- The Magazine
- Current Issue
- Events & Shows
- Web Extras
- Yellow Pages
Las Vegas’ Lied Discovery Children’s Museum puts the fun in education.
Photo: PR (above); Jon Fortenbury (below)
Kids love to have fun. Parents love when their kids participate in educational activities. Everyone loves a win-win situation, which Lied Discovery Children’s Museum achieves by combining the two elements.
“We like for kids to learn by using the exhibits and having that hands-on approach,” says Tifferney White, director of programs and education. “We know that they’re having fun going from one exhibit to another, but as they have fun, they’re also picking up knowledge.”
Located in downtown Las Vegas, Lied Discovery Children’s Museum features nearly 100 exhibits in the arts, sciences, and humanities. With so many children’s museums having an arts focus, White thinks this one goes beyond the norm. “Our second floor feels a lot like a science center, and our first floor feels a lot like a children’s museum,” White says. “I think that makes us unique.”
The Junior League of Las Vegas and Allied Arts Council founded the museum as a private, nonprofit educational institution in 1984. The museum moved to its current location in 1990, sharing space with the Las Vegas-Clark County Library. The property has ongoing, featured, and traveling exhibits.
The current featured exhibit, “Grossology: The (Impolite) Science of the Human Body,” is on display until January 3, 2010. The attraction teaches children about the science behind necessary bodily functions of a healthy person, with an emphasis on the not-so-pleasant functions. It includes a burp machine and a lesson from Professor Nigel Nose It All on mucus.
“Torn From Home: My Life as a Refugee” is a Lied innovation that is currently on a museum tour across the country. The 1,500-square-foot exhibition takes kids on a journey into the lives of children forced to leave their homes and find new ones. The exhibit returns to Las Vegas in 2010. “It’s presented in a way that lightens the topic a little but still gives kids exposure to refugees,” White says. “We just want to raise awareness on the issue.”
Even with “Torn From Home” torn from its Las Vegas home, there are several ongoing exhibits at the museum. “It’s Your Choice” highlights the importance of health. “Green Village” is a mini city, teaching children everyday lessons by way of a grocery store, bank, and more. The exhibit also teaches kids how to shop green. “Jacob’s Ladder” lets kids create a surge of electricity. Desert Discovery, an area designed for children five and younger, teaches shape identification and the tendencies of nocturnal wildlife, common in the desert. There’s even a puppet show and a crawling area for infants.
Donna Popp-Bruesewitz brought her two- and four-year-olds to the museum during her visit from Osage, Iowa. She heard great reviews about the museum and wanted to see for herself. “It’s been interesting and very hands on,” Popp-Bruesewitz says. “There’s lots of stuff for this age group to do. It’s been a good experience.”
Laura Ward and her two children, ages two and six, also had a positive experience. The Las Vegas family got free museum tickets from the summer reading program at the neighboring library. “I’m glad they have something like this for kids,” Ward says. “It’s easy to get to, affordable, and a great family event.”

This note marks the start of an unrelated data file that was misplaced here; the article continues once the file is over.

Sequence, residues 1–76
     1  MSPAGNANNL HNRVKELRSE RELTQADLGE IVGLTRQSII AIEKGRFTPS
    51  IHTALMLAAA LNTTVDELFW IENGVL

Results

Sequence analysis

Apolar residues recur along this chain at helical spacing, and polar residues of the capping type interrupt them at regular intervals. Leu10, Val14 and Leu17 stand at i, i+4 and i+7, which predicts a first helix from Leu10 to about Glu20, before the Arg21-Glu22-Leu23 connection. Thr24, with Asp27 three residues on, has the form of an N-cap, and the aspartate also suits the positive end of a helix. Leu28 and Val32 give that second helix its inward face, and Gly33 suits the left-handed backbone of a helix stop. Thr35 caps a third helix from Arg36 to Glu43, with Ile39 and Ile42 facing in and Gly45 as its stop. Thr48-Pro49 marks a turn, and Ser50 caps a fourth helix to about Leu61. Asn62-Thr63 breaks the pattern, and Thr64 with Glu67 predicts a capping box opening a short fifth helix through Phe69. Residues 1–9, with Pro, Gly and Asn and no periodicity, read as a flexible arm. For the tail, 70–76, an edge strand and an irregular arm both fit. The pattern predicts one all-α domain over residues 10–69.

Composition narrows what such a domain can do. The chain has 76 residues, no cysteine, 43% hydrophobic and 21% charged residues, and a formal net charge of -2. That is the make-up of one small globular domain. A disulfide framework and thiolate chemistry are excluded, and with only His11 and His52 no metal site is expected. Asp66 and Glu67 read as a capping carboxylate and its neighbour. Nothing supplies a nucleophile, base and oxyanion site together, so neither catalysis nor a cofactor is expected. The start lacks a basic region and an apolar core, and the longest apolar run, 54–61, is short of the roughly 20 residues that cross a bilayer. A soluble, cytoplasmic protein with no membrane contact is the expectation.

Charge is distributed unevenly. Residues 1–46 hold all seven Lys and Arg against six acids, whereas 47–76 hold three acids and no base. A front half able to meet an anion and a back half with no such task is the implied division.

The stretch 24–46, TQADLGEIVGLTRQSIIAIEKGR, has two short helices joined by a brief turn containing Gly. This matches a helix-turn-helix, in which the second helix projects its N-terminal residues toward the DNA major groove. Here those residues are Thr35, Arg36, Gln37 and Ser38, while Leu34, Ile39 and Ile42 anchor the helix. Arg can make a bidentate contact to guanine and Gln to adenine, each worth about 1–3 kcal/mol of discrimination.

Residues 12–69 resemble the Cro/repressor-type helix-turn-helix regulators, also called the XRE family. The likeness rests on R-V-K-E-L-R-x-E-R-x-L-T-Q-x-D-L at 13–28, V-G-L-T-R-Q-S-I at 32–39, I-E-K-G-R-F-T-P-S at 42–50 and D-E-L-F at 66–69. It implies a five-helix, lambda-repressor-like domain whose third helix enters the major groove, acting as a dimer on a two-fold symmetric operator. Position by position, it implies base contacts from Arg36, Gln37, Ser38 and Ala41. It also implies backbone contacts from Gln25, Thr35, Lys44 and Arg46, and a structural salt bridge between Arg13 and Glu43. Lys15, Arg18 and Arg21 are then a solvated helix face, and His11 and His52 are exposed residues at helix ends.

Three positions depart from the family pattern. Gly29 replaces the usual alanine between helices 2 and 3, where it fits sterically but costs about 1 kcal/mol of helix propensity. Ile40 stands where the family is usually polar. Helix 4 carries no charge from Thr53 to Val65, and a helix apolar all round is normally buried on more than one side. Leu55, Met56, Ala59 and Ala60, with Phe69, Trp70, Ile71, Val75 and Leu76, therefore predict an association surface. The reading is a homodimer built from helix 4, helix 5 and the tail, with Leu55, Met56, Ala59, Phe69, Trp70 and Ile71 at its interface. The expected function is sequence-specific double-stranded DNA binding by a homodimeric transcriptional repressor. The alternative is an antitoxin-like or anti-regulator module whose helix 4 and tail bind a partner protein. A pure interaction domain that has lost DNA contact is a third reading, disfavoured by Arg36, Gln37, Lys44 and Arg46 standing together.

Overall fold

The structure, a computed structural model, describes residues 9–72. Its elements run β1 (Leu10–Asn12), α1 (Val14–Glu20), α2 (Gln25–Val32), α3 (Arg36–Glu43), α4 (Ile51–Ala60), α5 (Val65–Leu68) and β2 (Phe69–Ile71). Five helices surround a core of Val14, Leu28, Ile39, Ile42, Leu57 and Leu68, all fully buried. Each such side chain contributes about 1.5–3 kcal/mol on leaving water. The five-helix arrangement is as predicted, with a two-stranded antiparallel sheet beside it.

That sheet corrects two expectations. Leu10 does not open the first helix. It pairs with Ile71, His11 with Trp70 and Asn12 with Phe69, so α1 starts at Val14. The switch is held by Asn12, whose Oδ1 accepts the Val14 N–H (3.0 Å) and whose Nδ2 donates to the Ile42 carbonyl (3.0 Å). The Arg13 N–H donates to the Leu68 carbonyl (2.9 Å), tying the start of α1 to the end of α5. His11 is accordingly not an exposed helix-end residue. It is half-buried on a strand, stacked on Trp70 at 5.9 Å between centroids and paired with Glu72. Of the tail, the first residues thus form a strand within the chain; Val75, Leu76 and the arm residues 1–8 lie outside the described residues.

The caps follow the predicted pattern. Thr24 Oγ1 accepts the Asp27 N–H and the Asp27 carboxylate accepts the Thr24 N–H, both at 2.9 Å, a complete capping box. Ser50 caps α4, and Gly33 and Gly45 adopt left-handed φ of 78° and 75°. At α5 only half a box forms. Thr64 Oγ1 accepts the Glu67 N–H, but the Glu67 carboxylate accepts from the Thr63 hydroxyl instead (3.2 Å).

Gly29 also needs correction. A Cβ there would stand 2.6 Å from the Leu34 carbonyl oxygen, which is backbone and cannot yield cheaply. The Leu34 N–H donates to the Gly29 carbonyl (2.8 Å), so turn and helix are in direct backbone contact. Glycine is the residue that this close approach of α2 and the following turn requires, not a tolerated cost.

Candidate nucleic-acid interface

The museum hosts many celebrations, including birthday parties—the available themes are classic (exhibit based), slime time (science based), and bubblemania (art based). Cake and ice cream are provided, among other goodies. “We like to think that we’re the best place in Las Vegas for [children’s] birthday parties,” says Brock Radke, marketing and public relations manager.
All age groups can participate in many different programs and volunteer opportunities. One is the Youthworks Program, which provides high school students with job-skill training, homework support, career and educational guidance, and museum discounts. The museum offers a number of memberships. As well as access to members-only events, members can visit the museum for a year free of charge. The family membership even earns participants reciprocal membership to other museums throughout the country.
Lied Discovery Children’s Museum
833 Las Vegas Blvd. N., Las Vegas
Admission: Adults, $8;
Children (1-17), $7
FAMILY MEMBERSHIP FEES
Limit of six persons allowed per membership
• $55 for two family members
(1 Adult & 1 Child)
• $60 for three family members
• $65 for four family members
• $70 for five family members
• $75 for six family members
(Immediate family members only)
MORE KID-FRIENDLY NEVADA ATTRACTIONS
The Adventuredome Theme Park
Rides such as Canyon Blaster, Rim Runner, Sling Shot, Chaos, Inverter, Lazer Blast, and SpongeBob SquarePants 4-D.
Southern Nevada Zoological-Botanical Park
Educates visitors about rare and endangered species of plants and animals.
Features museums, galleries, botanical gardens, and an interpretive trail system.
A 38-acre wildlife sanctuary and nature center northwest of Reno.
The Children’s Museum of Northern Nevada
Provides exhibits and programs that focus on the arts, sciences, and humanities.
Sierra Safari Zoo
Nevada’s largest zoo and the only zoo in Northern Nevada.
Wild Island Family Adventure Park
A waterpark, go-karts, mini-golf, bowling, birthday parties, and group parties.
Nevada Northern Railway
Features themed rides such as the Polar Express, a holiday favorite.